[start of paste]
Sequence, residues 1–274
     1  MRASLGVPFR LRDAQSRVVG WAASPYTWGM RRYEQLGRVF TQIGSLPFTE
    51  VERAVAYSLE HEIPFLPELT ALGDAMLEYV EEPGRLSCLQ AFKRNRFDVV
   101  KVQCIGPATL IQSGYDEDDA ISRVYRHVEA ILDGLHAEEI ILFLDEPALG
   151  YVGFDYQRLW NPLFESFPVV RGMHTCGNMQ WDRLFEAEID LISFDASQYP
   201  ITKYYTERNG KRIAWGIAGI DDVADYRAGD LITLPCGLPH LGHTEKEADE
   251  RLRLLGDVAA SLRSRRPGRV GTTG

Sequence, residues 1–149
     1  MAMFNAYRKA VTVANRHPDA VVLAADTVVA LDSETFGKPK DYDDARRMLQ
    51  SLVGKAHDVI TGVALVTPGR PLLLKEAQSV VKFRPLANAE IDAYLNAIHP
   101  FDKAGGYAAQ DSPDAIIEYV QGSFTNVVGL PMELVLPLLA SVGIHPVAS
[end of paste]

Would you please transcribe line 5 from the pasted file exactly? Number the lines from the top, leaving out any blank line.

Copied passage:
   151  YVGFDYQRLW NPLFESFPVV RGMHTCGNMQ WDRLFEAEID LISFDASQYP